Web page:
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My day at the range...

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Unread 10-24-2005, 10:52 PM
Platinum Member
Join Date: May 2001
Location: Sask. Canada
Posts: 2,410
My day at the range...

Took Winchester and Remington to the range today. Six trucks there when I drove in. Headed to the archery ranges instead so that Winchester and Remington could get some quality time. Remington is a running fool, lean and lanky and more or less out of control when he is moving fast. IQ in the low minus numbers. He must have put on a couple of miles checking every gopher hole on the property. Winchester stays closer, he is not built for speed. He is very obedient and cute and cuddly. Winchester can outdo any cat as far as cuddling and attention-demanding goes - no-one can work a crowd like this guy. Matter of fact he reminds me of a loaf of bread with four little legs and a very cute face. After about twelve "Pees" each, plus flushing one significant flock of sparrows and even one sharptail grouse, the boys headed back to the van. Sloshed down a small thermos of water and went to sleep in their private seat in the back.

Drove over to the rifle range, still six trucks. Spent about two solid hours cleaning the 6.5-284 and .325 WSM - yesterday's gale winds had pretty much dirtied them up. The Cooper had exactly 100 rounds through its barrel and I was wondering how quickly it would clean up. About eight patches, five passes with the brush, two more patches and - no sign of copper. The Mike Rock barrel on the .325 has become one of my easiest barrels to clean - only 50 rounds through it but it was done in only five patches, five passes with the brush and two more wet-ones. I use TM Solution, it is doing a super job. Only problem is that the 16 ounce bottles seem to run dry awful quick - must be shooting more since I started using it. Cleaned the lug recesses, rails and even took the M-70 bolt apart and cleaned the gorf out of it. Brush the bolt faces, get a bit of brass filings out of the extractor area, wipe the dust off the rest of the bolt-body. Little bit of grease on the lugs and leverage location on the bolt handles, wipe down with an oily patch, clean the black stuff off the crown, Dry the bores, use the chamber mop to get it dry, no oil since I will shoot them tomorrow in all likelihood. Wipe the barrel, receiver, Badgers, trigger guards with the oily patch, insert the bolts and put the rigs into the soft cases. Scope lenses are a mess but forgot the lens cleaning kit, that will be a tomorrow-job.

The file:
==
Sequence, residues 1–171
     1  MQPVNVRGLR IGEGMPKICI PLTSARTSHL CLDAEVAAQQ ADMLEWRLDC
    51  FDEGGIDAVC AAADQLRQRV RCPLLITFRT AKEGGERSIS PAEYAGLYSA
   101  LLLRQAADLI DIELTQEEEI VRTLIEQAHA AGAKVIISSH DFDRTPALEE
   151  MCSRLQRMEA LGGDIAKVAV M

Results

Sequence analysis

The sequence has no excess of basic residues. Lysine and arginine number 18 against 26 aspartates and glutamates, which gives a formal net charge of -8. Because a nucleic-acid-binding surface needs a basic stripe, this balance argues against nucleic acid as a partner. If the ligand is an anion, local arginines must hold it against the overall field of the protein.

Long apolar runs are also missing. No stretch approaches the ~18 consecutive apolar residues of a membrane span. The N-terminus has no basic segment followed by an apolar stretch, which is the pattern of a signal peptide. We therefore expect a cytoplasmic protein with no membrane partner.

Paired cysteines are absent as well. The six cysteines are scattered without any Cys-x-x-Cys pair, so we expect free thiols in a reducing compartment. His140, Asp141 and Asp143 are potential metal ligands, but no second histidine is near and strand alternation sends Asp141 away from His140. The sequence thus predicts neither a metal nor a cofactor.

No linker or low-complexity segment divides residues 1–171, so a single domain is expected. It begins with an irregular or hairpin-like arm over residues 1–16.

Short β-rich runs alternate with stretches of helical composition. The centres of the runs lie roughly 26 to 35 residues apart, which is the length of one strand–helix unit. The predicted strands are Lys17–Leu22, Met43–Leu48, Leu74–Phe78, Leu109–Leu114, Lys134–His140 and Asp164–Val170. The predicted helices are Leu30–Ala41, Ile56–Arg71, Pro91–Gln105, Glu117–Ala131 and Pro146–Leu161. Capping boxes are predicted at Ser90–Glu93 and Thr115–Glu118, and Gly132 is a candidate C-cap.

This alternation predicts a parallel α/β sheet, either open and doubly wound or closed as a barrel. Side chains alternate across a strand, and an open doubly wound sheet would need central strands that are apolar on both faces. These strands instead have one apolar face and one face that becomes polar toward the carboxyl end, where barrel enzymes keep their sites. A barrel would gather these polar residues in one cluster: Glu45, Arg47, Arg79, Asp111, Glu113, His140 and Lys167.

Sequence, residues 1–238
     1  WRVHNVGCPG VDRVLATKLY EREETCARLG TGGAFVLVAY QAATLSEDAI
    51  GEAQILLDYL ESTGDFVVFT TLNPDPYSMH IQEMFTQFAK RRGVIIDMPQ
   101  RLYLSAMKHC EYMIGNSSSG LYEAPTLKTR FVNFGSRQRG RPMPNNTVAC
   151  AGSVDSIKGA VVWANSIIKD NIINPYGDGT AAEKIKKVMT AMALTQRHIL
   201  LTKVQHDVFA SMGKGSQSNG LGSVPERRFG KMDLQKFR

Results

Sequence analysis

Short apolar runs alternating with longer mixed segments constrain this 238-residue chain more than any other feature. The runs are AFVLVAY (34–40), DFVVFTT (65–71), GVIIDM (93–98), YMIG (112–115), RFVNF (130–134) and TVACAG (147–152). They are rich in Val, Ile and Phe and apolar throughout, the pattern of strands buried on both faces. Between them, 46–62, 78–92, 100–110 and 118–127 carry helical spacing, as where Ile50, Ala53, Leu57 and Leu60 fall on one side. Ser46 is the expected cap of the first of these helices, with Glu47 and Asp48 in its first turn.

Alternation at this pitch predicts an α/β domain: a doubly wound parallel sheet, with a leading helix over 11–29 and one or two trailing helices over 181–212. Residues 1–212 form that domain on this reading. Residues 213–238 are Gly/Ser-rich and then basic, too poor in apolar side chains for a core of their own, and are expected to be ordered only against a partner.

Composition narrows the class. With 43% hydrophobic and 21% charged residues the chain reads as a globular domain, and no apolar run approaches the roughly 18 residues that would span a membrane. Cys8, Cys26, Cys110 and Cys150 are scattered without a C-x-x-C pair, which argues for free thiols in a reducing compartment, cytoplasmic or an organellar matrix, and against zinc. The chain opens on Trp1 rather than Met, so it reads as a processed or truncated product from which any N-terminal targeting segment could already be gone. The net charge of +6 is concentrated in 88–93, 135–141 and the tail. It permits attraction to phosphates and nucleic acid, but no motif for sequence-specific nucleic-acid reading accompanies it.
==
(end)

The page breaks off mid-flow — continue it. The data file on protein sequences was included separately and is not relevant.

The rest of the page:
By then the trucks had left and Winchester and Remington were wired. Down the range this time, Remington blasting out to the 150 yard mark in about 2.7 seconds, Winchester wanted his ears scratched before he took-off down the range like a little four mile an hour loaf of bread. Couple of whizzes, check out a few gopher holes, couple of old dog turds, rush through the tall grass to see how many burrs can be picked up and back to the van - need a drink. Ready to go back to the city.

Not sure who enjoyed this fine Indian-Summer day more, me or our two little dogs.

ps Winchester and Remington don't really like guns - tend to crawl under a chair when the guncases start moving toward the door. But they really enjoy going to the range - as long as nobody is shooting...
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Unread 10-25-2005, 09:59 AM
Platinum Member
Join Date: Jun 2001
Location: Potomac River
Posts: 5,070
Re: My day at the range...

My Days Under A Tree

Early season 3 day Muzzleloader deer opened last Thursday. I figured the deer would be in rut and I knew where there were two bucks, one of which had narrowly missed being spitted by an arrow on September 15. Went with high hope however optomism was totally unjustified by the facts. Saw so many does and fawns I had to take off my shoes and begin counting on my toes. Nada horn in sight.

Family of river otters came swimming up the Potomac and right in front of me big papa otter catches a 2-3 pound carp. They all get to squabbling and argueing over who eats first and who eats last. Just the most noisy racket you could imagine. Of course papa wins and eats for a few minutes and then mama takes over. About this time the local bald eagle arrives and starts dive bombing the otters, but is too smart to actually land and fight it out with them. Mama chews on the fish for a while and then lets one of the two young ones have a turn. Amazingly, mama and papa just swim off upstream and leave the two young ones there and then one young one finishes and takes off upstream and leaves the last one who merrily crunches away for about five minutes and then swims off upstream. When it was all said and done they did not even eat half of the carp.

I pondered the lack of any bucks seen and decided to go back on Saturday and sit under a different tree. Probability of rain was 90 percent and sure enough it rained 90 percent of the day. I guess I had so much fun that I will take my 17 Rem and see if I can have any luck with a turkey this Sat. Probability of rain is 32 %. The turkeys do not come down off the mountain to the river for a drink if it is raining, so it is easy money that I will just get wet and kill nothing, again.
The Smokin Fur Rifle Club
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